Asparagus Soup, from the Greens cookbook

The Stock

1 lb. thin asparagus, lower ends only

1 cup leek greens, roughly chopped

1 bay leaf

1 carrot, peeled and chopped

1 celery stalk, chopped

4 parsley branches

½ tsp. salt

8 cups cold water

Snap the lower ends off the asparagus where they break easily when bent. Rinse the ends well and roughly chop them into 1-inch pieces. Combine all the ingredients in a stock pot. Bring to a boil, then simmer 20-25 minutes. Strain.

The Soup

1 lb. thin asparagus (about 12 oz. after the ends are removed)

3 tbs. butter

2-3 leeks, white parts only (about 8 oz.), sliced

½ tsp. salt

1 large potato, peeled and cubed (optional)

1 tbs. parsley, chopped

5-7 cups stock

¼-1/2 cup light or heavy cream (optional)

Freshly ground pepper

½ to 1 tsp. grated lemon peel

Parmesan, grated, for garnish

Cut off the tips of the asparagus and set them aside. Roughly chop the stems into 1-inch pieces. Melt the butter in a soup pot. Add the leeks and cook them over medium-high heat for 2 or 3 minutes, stirring as needed. Add the asparagus stems, salt, potato (if using) and parsley. Pour in 5 cups of the stock and bring to a boil, then cook at a simmer until the asparagus are just tender, about 6 minutes. Blend the soup well, then work it through the fine screen of a food mill or through a chinoise to remove any fibers.

Return to the stove, stir in the cream, if using, and thin it with more stock, if necessary. Season to taste with salt, freshly ground black pepper and the lemon peel.

In another pot, bring a few cups of water to a boil with a little salt. Cook the asparagus tips, 1-2 minutes until they are done, then pour them into a colander.

Garnish the soup with Parmesan and a few asparagus tips in each bowl

A few notes:

It’s really worth it to make the stock, which give it an extra essence of asparagus.

I usually use the potato to thicken it a bit, but I’ve never added cream—it’s delicious as is and doesn’t really need it.

I usually use the zest of a whole lemon, partly because it’s easier than measuring and partly because it seems like a good amount.

I have strained it occasionally, but you don’t really have to if you’re not serving it at an elegant dinner.

Tuesday, April 29, 2008

Cats, turkeys and other local beasts

Although I live on a relatively busy road--the connector street between two other busy roads--I also live on the side of a small mountain. My property backs onto woods--lovely when you want to take a little walk into the trees, somewhat less lovely when a tree from said woods crashes into the yard and lands partly on the asparagus bed. (All I can say is, thank goodness for handy boyfriends with chainsaws.) Behind the houses across the street is the oxbow of the Connecticut River--which I can only really see from my house when the river is especially high.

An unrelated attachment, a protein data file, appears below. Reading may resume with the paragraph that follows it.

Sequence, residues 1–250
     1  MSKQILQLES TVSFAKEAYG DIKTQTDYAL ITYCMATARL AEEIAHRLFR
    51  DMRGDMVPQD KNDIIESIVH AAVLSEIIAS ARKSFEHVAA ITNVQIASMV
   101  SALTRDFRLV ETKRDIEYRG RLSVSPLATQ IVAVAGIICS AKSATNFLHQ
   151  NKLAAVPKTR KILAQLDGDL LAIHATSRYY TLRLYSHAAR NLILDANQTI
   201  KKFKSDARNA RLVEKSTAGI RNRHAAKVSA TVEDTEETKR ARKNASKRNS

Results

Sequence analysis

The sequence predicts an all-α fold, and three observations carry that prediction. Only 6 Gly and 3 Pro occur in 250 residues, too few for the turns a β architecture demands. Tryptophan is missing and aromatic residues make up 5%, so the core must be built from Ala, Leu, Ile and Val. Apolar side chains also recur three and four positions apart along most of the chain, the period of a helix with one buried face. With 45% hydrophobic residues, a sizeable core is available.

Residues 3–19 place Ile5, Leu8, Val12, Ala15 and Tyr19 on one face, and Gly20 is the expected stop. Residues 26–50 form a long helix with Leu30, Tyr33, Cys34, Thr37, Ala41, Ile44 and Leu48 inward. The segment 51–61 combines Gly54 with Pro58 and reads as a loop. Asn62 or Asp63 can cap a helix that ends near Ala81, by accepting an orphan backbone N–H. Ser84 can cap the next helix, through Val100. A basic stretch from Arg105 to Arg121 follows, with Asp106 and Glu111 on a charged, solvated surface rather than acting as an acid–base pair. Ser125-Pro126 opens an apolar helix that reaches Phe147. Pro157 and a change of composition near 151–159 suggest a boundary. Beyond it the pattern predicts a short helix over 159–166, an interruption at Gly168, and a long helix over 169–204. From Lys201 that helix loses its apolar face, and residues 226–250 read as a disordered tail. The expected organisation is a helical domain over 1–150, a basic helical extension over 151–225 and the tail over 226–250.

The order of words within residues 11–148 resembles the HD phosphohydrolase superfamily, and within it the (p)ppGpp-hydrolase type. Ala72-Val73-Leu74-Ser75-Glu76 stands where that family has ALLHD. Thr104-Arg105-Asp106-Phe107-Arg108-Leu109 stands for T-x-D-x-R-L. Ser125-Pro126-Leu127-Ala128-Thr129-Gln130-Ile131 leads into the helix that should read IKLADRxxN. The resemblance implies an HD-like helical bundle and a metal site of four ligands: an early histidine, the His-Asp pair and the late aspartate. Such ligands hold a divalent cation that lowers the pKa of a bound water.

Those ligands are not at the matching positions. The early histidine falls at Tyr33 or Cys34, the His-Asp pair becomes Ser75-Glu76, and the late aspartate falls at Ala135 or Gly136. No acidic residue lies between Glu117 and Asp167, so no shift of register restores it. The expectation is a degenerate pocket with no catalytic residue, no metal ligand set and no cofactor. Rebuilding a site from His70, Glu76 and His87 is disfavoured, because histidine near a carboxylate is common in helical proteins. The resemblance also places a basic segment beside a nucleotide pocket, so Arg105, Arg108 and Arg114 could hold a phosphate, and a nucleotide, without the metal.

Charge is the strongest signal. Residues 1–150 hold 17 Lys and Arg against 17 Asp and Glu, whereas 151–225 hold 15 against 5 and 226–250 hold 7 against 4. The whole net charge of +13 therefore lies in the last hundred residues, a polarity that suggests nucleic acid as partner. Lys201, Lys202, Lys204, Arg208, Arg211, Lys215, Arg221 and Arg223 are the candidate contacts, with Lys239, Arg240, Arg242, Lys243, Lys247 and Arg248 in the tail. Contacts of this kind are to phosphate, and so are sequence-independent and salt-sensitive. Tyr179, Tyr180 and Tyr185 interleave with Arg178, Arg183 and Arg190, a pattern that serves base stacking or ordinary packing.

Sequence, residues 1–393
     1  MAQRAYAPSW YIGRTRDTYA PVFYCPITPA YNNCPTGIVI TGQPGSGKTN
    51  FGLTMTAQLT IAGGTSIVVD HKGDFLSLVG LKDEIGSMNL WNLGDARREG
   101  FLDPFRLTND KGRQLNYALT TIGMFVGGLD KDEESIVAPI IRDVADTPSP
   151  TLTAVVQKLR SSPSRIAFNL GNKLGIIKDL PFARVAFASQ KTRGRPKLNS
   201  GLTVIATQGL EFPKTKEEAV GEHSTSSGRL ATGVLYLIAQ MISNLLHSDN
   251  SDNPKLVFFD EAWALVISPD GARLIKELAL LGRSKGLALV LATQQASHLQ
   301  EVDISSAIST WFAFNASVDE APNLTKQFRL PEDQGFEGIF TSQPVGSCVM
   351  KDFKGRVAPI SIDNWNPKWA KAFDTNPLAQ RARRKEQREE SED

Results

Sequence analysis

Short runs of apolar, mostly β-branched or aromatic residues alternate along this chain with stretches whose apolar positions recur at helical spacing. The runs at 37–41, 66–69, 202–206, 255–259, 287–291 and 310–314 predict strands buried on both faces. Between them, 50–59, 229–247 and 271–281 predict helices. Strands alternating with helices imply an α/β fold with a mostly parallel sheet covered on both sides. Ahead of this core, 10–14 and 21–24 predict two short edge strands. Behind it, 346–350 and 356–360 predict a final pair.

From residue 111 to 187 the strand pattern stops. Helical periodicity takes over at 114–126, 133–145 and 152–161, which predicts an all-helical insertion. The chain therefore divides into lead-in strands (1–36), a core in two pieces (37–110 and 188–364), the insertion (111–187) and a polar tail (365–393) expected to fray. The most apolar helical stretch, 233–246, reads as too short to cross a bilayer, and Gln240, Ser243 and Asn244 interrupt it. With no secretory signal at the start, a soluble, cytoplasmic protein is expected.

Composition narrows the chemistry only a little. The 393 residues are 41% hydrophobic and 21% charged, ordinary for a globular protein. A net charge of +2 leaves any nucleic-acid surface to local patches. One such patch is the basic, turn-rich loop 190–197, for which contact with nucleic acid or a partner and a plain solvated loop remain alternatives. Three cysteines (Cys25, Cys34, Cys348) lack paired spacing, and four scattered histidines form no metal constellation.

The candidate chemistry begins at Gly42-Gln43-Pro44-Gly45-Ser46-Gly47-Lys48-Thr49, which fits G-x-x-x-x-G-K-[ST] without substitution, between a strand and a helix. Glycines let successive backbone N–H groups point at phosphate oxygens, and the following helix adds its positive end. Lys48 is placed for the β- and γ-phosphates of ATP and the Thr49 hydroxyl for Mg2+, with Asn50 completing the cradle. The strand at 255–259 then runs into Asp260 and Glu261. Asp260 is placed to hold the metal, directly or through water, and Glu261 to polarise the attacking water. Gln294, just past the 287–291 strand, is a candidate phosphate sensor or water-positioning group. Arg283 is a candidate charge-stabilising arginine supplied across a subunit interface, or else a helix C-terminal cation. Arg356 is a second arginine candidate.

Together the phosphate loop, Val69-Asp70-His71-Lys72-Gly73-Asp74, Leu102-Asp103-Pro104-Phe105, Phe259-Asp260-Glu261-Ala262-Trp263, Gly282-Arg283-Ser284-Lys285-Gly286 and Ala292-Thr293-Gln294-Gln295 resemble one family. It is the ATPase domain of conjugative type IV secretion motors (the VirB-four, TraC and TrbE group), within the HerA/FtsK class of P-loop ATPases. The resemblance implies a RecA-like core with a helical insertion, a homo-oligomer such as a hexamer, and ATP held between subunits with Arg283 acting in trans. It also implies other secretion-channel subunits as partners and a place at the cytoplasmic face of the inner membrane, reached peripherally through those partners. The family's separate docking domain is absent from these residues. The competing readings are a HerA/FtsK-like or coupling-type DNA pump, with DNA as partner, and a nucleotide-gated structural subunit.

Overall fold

Being between the mountain and the river (and next door to a field) means that, despite the busy street, my house is in the middle of a wildlife corridor. Admittedly, I don't actually see all that much wildlife, at least not notable wildlife. I've only seen a bear in the yard once (and heard about another sighting from my neighbor). But what I do see often are wild turkeys.

I see turkeys fairly frequently, so I'm not sure why I still get a kick out of them. But somehow, seeing turkeys meander into my yard for a spell continues to delight me. I've seen big flocks of turkeys, with show-offy male turkeys.

I've seen a mother with turkey chicks (turklings?) and then, a few months later, what I'm convinced was the same mother with her now teenage turkey children. Last summer, a turkey appeared to be taking a dirt bath in the middle of my perennials.

And I love the way that the domesticated animals interact with the wild ones (as long as those wild ones are, say, turkeys as opposed to bears). My former tenants in the cottage in the back had a dog--a sweet older dog who never got excited by much, though she was bizarrely terrified by my cats, who were then wee kittens. The tenants were down in the basement doing laundry one night, and suddenly I heard them calling me, which they'd never done before. And it was because the dog was frozen in place and refusing to move until I took away my bold little Chaya, who was all of 3 pounds then.

One morning, I was in my study, when I heard some frantic barking from the front lawn and then a sort of whooshing/thumping kind of sound. I looked out the window, and there was Gracie, the dog, barking and barking, and there, in a nearby tree was a disgruntled looking turkey. I think it's the only time I've seen one of them actually fly.